sandy beach with a circular archaeological feature in the centre

If you think fake news is a recent invention, let me introduce you to an archaeological site in the Firth of Clyde: Dumbuck crannog.

It was investigated during Victorian times and sparked a massive national news controversy. If you watch the Channel 4 programme, ‘Britain At Low Tide’ on Saturday 3 March at 8pm, you’ll be introduced to Dumbuck Crannog – the inspiration for Scotland’s first archaeology fake news story.

During the programme I’ll join Jo Hambly from SCAPE and programme presenters, Dr Tori Herridge and Gustav Milne, for a visit to the prehistoric site on the foreshore of the Firth of Clyde.

What’s the Story?

view from above of sandy beach with grey circle in the middle, lined at either side by green land and grey water

The crannog is the circular feature, just above the line of stones, that runs from the salt marsh out towards the low water channel.

So, what’s the story behind the fake news? Well, it started when William Donnelly, an artist from Bowling, near Dumbarton, discovered the Dumbuck site on the foreshore of the Firth of Clyde.

He was walking along the north bank of the Firth on the morning of Sunday 31 July 1898. Luckily for him, the tide was low. Donnelly noticed a circle of wooden stakes that surrounded some horizontal timbers, forming a circular platform.

bearded man poses with sketchbook

William Donnelly posing with sketch book and finds from Dumbuck

Over the next few months Donnelly and a team of archaeologists, volunteers and public visitors investigated Dumbuck crannog.

Luckily for us, Donnelly produced beautiful pen and ink sketches of the excavation. Copies are now safely cared for in the National Record of the Historic Environment (aka Canmore).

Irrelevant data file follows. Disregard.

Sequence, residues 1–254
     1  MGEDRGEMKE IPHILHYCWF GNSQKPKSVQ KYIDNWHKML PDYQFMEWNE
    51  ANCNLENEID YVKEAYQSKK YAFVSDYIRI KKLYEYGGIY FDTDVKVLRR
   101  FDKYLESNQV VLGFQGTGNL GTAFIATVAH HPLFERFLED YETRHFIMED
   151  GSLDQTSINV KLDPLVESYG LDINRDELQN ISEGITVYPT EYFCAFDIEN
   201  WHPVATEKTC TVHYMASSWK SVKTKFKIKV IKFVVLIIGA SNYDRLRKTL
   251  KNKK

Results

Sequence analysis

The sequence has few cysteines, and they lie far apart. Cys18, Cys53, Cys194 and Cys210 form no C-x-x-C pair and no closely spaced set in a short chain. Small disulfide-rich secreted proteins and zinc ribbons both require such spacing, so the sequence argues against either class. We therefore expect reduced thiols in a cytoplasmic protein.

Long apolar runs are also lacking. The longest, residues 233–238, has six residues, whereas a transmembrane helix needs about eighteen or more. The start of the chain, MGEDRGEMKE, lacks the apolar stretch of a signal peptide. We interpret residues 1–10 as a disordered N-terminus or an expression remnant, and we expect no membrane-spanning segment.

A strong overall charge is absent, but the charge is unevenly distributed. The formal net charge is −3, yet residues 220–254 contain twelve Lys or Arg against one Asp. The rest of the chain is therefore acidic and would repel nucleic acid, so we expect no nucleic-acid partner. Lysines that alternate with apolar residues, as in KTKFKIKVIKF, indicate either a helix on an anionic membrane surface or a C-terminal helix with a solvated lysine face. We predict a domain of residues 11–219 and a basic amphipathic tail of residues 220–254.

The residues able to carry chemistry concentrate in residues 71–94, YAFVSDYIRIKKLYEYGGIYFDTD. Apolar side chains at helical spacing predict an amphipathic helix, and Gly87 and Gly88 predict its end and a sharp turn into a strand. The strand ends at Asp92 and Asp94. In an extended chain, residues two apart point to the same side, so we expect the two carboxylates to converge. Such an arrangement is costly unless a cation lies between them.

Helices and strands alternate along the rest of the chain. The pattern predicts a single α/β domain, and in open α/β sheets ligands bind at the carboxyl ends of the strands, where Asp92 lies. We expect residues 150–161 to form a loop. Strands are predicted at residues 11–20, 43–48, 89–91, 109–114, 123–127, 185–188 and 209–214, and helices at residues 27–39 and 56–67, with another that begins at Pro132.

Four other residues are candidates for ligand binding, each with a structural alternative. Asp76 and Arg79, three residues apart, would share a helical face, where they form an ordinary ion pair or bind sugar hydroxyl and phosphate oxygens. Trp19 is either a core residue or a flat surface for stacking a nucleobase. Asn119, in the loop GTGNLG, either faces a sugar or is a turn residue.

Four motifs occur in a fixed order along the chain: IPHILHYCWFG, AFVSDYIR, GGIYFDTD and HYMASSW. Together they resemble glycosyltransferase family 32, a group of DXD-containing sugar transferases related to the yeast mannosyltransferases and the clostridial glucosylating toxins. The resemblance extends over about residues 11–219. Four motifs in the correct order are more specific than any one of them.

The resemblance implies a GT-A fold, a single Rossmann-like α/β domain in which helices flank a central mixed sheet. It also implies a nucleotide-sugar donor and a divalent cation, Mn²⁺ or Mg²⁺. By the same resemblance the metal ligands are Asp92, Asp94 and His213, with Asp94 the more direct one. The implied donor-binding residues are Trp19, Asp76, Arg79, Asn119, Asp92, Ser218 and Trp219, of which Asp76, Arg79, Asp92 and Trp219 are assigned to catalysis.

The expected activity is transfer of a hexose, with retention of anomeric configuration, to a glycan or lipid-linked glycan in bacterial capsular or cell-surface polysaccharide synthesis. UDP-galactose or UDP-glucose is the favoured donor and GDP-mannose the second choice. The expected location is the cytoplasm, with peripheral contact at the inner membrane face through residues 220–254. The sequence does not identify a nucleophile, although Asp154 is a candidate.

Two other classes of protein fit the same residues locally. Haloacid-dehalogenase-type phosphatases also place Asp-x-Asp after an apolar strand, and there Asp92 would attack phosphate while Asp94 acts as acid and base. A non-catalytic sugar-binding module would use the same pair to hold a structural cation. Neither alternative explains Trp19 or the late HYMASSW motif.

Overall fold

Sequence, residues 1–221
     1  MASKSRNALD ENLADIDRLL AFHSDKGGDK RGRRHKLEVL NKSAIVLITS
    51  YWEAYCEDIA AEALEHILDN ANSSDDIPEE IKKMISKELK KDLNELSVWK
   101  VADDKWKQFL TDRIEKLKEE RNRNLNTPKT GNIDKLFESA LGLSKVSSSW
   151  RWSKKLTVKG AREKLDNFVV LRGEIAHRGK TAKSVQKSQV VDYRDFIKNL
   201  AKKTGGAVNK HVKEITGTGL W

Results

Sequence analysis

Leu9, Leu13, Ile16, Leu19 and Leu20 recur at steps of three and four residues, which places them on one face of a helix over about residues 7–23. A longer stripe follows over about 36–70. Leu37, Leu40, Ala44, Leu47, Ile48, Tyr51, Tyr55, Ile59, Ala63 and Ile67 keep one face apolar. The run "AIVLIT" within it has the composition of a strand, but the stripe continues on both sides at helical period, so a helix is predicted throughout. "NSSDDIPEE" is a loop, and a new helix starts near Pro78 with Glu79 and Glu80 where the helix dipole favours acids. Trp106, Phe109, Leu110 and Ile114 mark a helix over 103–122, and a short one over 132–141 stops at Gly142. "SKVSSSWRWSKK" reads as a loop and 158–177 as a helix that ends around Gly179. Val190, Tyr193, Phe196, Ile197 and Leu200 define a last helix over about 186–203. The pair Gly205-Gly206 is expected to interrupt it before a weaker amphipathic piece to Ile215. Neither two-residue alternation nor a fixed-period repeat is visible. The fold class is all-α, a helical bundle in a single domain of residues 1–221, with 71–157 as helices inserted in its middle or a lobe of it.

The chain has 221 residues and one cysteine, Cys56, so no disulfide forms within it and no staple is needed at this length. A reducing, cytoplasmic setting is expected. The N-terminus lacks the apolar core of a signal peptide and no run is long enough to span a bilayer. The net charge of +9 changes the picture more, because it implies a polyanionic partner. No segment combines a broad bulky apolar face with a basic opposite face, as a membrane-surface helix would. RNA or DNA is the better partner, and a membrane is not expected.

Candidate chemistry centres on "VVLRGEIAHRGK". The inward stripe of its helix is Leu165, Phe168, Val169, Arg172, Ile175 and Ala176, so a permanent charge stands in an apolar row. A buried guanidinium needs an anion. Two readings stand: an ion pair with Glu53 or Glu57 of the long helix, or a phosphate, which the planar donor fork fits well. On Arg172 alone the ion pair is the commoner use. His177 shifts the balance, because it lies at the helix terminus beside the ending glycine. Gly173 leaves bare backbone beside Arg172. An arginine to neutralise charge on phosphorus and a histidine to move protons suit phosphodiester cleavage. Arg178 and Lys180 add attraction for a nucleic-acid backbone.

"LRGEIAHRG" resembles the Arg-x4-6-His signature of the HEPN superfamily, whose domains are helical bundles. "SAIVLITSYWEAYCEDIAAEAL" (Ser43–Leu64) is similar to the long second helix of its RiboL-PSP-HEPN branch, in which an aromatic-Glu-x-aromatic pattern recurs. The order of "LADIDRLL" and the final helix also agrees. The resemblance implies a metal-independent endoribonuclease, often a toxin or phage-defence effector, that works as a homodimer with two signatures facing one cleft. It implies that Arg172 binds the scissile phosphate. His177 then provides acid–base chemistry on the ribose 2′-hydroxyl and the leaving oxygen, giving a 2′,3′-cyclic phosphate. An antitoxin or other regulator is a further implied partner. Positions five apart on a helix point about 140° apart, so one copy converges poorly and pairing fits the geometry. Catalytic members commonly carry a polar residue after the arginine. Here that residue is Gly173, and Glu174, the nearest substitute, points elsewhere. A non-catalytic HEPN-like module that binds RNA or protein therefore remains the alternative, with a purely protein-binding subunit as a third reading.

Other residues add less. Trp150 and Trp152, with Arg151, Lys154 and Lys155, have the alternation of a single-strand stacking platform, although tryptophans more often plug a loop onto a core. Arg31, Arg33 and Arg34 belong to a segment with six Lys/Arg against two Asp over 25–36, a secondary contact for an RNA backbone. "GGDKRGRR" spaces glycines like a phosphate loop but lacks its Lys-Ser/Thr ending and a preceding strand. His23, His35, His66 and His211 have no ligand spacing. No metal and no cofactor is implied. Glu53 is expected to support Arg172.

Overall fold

drawing showing a beach with a circle and a hill behind it

One of William Donnelly’s evocative sketches, showing Dumbuck in its landscape setting

Findings at Dumbuck

During the excavations they discovered how the timbers formed a wooden platform along with a log boat in its very own dock, next to the platform.

But it was a group of small, unusual objects that interested people the most. The objects were small stones and shells. Some had been carved to represent people, others had holes drilled through them. They all appeared quite out of place, according to the experts at the time.

But not to Donnelly. To him, these objects represented a remarkable crannog culture on the Clyde and he wrote a number of news articles about them.

Others were more critical in their analysis of the finds, and pointed out their shortcomings.

drawing of rock like objects

Image of shale object

Real or not Real?

Donnelly was convinced these were real archaeological finds. Others were highly sceptical. The discussions about the objects rumbled on well after the excavations had ended.

Unfortunately, the fakes (they are fakes!) caused some acrimonious mud-slinging in the national press. According to Donnelly’s son, the controversy contributed to his father’s premature death.

If you’d like to know more, watch the Channel 4 programme on Saturday 3 March at 8pm.

You can also read the book written by myself and Dr Rob Sands of University College Dublin. In it, we explore the 1898 excavations.

Controversy on the Clyde: archaeologists, fakes and forgers uses HES archive material, from old newspapers to sketches and photographs, to recreate a diary of how the fake news story of the Dumbuck crannog unfolded.

You can download a PDF copy for free on our website.


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About Author

Alex Hale

Alex is an archaeologist in Survey and Recording, Heritage Directorate. He specialises in the archaeology of the intertidal zone and the archaeology of graffiti!